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Just Walk Out

Amazon's Just Walk Out technology at Whole Foods is another step toward a friction-free world. That's not a good thing.
Just Walk Out

In the dystopian world of 1984, a palm-reading screen that allows you to walk in and out of a grocery store without waiting in a checkout line is not one of its terrorizing features. Orwell, for all his insight, did not anticipate that a technocratic future would be driven less by visible, powerful censorship overlords than by the slow, steady enticements of that great gift of modernity: convenience.

In the Glover Park neighborhood of Northwest Washington, D.C., a recently reopened Whole Foods has drawn the attention of national media. Since Amazon purchased the grocery store chain in 2017, changes to Whole Foods stores were relatively minor—mostly just perks for Amazon Prime members. That is, until the Glover Park storefront, previously closed for four years due to a rat infestation, reopened last week, launching Amazon’s “Just Walk Out” technology for the first time in a regular grocery store.

Several of Amazon’s own storefronts already use Just Walk Out, but now you can, too, by either swiping the credit card connected with your Amazon account when you walk into the store, or using biometrics to connect the prints of both your hands to the same. After the initial setup, shoppers can buy groceries with as little resistance as unlocking an iPhone: tap palm, fill cart, walk out.

There’s still self-checkout available at Glover Park, in case you’re hesitant to scan your palm or fear looking like a shoplifter. After a week of being open only to Amazon customers, the store is now open to the public, so you presumably could still shop without signing in if you scan your own groceries. But reporters and Washington natives have remarked on some key differences in the store, most notably the role of employees. That is, there’s not much of one: employees monitor the entrance and help you sign in; they instruct you to replace any item you don’t want exactly where you found it; they still hang out behind the meat counter to make custom cuts; and they swoop in to stop you from taking a photo or video anywhere in the store.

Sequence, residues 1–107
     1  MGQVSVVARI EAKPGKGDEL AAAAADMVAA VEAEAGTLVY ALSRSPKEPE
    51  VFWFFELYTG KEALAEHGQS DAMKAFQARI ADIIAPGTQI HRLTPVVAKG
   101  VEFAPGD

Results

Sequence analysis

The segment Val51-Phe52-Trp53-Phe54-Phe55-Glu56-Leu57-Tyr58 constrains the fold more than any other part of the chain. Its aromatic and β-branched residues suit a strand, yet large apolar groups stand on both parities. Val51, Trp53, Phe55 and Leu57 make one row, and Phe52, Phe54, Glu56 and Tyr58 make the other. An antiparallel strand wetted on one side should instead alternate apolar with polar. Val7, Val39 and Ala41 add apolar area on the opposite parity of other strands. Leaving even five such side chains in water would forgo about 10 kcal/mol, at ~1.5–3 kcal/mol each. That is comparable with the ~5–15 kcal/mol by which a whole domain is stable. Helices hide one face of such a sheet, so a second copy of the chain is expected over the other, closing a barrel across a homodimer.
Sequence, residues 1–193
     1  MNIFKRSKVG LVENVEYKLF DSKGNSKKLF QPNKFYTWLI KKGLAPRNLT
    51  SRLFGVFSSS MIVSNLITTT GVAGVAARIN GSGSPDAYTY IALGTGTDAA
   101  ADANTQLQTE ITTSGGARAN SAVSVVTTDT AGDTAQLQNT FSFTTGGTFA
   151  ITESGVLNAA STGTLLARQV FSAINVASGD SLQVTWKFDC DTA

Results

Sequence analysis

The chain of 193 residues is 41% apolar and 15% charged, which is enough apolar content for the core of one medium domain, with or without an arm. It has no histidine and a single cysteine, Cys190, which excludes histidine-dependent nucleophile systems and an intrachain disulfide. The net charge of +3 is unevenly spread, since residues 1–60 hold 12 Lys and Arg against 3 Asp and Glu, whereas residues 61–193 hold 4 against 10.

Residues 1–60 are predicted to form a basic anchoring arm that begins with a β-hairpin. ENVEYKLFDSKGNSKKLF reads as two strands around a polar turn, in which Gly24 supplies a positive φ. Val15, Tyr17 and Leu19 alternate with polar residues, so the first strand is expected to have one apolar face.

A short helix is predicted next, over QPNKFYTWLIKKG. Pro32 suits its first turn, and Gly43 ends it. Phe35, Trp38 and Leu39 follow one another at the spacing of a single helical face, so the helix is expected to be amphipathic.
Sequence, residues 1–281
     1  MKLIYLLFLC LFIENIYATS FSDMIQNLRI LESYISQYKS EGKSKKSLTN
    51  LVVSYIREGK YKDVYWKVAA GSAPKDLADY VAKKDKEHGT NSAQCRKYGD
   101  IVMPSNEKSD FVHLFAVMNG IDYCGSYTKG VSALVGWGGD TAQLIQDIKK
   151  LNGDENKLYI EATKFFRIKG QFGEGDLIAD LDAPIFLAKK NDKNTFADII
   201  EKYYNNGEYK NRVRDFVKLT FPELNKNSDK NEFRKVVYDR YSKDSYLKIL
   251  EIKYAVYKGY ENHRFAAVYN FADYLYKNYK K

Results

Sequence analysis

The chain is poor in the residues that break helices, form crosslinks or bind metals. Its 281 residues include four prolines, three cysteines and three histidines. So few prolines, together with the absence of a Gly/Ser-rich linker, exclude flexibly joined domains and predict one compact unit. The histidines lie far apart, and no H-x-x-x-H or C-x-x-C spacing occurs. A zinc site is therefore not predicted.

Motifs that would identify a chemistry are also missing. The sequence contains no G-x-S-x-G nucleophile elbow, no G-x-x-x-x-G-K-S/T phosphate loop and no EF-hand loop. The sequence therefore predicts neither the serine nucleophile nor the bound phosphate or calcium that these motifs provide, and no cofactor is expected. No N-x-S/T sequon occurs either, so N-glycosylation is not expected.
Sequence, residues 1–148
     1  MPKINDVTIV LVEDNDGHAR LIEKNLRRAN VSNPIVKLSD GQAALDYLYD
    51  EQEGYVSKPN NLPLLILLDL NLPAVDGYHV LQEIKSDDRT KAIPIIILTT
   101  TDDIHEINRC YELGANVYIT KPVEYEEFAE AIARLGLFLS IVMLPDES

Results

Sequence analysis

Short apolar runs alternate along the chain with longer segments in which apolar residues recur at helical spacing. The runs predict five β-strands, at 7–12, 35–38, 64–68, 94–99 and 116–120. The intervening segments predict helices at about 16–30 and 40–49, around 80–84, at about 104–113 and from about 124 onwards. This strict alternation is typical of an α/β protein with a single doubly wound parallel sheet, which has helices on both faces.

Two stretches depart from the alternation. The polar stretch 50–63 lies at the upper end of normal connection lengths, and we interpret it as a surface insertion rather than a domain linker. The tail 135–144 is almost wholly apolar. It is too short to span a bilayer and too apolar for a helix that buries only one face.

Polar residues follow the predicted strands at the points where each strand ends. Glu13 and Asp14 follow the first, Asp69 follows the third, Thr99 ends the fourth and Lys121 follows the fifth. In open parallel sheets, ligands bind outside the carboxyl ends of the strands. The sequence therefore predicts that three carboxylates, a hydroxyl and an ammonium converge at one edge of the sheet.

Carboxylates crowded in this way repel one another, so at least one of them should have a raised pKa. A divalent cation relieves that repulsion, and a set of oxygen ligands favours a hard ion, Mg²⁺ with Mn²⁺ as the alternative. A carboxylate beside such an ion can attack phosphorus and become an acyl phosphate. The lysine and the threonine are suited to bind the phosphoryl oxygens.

Employees do not slice your bread—that’s on you now, careful with the machinery. They do not scan or bag your groceries, or offer to walk your cart out to your car (though, unlike a Publix in the South, few if any stores in the DMV provide the latter services). Amazon swears this won’t reduce the number of jobs they offer, but that seems either optimistic or misleading.

Amazon’s vice president of physical retail and technology is a man named Dilip Kumar. In the New York Timeslaunch piece for the new storefront this week, Kumar told the reporter that Amazon is treating Whole Foods as “another step in its tech expansion into retail stores.”

“We observed areas that caused friction for customers, and we diligently worked backward to figure out ways to alleviate that friction,” Kumar said. “We’ve always noticed that customers didn’t like standing in checkout lines. It’s not the most productive use of their time, which is how we came up with the idea to build Just Walk Out.”